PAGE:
September 29, 2014

French Roots by Jean-Pierre Moulle

French Roots: Two Cooks, Two Countries, and the Beautiful Food along the Way
My rating: 4 of 5 spoons

This is a charming combination of memoir and cookbook. The memoir portions are fun to read, and it feels like you're following right along with them as they hunt wild mushrooms, picnic in the French Pyrenees or just experience French family life. The recipes are fascinating if not always appetizing! I'm sorry, but things like Steak Tartare (there is nothing healthy or even tasty to me about raw meat!!) or duck legs cooked in over a GALLON of duck fat are definitely not going to come out of my kitchen.

There is some great information (I loved the note on Bouquet Garni), but it's obvious that the author lives in an area where he can get pretty much whatever he wants and finances are not an issue. He states that only fresh fish should be used and "if frozen is all you can get, cook something else." I'm sorry, but I happen to love seafood and since I live in Tennessee, there's not a lot of fish I can get that's really fresh. I'm not going to stop cooking fish simply because I don't have access to fresh fish. If I am blessed to someday live where I can get fresh seafood then I'll happily cook it instead. Until that day, I'm going to do the best I can with what I have.

There are so many great recipes in this book. Summer Vegetables in Terra-Cotta, Baked Mussels with Saffron and Cream, and Porcini Omelet to name a few. The recipes are clear and easy to follow. The Pizza Dough recipe for the Onion Tart with Anchovies, Olives and Thyme does not have enough liquid. I had to add a good tablespoon of water to it. That could have something to do with altitude, type of flour or other variable. Also, it only makes a 10-inch flat bread, so having it rise for 12-18 hours seems a bit much.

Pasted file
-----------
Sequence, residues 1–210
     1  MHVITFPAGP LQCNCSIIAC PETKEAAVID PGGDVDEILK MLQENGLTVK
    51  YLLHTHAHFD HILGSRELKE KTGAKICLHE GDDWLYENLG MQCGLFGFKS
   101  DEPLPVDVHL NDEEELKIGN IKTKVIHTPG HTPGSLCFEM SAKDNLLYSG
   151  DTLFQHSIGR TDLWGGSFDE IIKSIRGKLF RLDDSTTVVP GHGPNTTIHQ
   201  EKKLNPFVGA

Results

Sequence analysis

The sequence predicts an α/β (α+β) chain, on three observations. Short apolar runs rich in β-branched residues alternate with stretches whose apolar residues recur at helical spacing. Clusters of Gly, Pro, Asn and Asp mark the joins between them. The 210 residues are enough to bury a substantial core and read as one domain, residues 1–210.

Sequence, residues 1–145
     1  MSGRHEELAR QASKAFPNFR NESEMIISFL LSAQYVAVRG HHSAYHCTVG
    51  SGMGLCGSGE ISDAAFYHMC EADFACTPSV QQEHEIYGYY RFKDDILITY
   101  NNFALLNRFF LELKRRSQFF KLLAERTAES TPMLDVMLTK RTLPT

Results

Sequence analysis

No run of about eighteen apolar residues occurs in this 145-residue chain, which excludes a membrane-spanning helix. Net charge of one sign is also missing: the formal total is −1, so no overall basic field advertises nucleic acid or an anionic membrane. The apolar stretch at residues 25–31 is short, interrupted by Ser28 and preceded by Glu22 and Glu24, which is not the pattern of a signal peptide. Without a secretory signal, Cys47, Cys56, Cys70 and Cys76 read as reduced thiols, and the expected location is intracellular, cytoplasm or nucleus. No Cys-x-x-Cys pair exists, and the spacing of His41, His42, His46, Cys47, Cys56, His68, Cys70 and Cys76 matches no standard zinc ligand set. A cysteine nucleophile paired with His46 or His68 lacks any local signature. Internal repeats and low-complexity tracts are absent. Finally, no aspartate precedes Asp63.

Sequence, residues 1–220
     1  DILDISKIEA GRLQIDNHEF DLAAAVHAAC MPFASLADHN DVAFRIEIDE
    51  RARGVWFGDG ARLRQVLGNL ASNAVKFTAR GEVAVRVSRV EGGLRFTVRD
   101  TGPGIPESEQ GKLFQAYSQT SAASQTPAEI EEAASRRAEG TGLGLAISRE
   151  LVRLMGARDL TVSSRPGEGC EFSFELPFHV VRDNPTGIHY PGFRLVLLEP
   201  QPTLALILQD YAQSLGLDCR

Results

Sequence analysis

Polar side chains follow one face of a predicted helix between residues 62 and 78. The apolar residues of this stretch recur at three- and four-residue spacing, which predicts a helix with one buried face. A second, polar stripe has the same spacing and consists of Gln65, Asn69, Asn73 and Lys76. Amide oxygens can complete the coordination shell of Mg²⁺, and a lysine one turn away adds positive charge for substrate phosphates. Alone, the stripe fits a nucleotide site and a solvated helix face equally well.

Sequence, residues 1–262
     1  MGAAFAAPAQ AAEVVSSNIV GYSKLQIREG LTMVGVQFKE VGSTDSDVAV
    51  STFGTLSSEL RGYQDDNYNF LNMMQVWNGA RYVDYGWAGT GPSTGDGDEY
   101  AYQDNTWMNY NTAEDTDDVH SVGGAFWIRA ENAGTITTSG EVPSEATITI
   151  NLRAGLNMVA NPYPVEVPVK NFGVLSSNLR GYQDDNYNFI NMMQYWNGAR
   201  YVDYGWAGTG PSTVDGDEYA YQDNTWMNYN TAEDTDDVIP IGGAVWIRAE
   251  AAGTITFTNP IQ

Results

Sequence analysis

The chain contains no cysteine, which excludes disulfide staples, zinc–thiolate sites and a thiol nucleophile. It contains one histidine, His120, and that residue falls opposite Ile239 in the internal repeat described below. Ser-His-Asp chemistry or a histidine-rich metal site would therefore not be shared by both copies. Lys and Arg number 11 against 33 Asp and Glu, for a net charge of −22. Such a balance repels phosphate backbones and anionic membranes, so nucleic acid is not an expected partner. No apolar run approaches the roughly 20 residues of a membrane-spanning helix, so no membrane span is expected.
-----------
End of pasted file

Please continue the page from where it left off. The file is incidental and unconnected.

This is a beautiful book with a good quality binding and gorgeous photos. It would have been nice to have more photos of the actual dishes and less photos such as the one with someone's feet and a small basket of figs, a fern lined basket with mushrooms inside or the author gathering firewood. The Summer Vegetables in Terra-Cotta, for instance, talks before the recipe about the importance of slicing the vegetables the same size an how much better effect it has. It would have been nice to include a photo to show that effect.

If you are trying to eat remotely healthy, this probably is not the cookbook for you. Lots of heavy cream, cheese, fat and more makes my arteries harden just reading it! If you love France, French food, or deep flavor--well, then I would definitely recommend this book.

I received a copy of this book through Blogging for Books for my honest review. All thoughts and opinions are my own.

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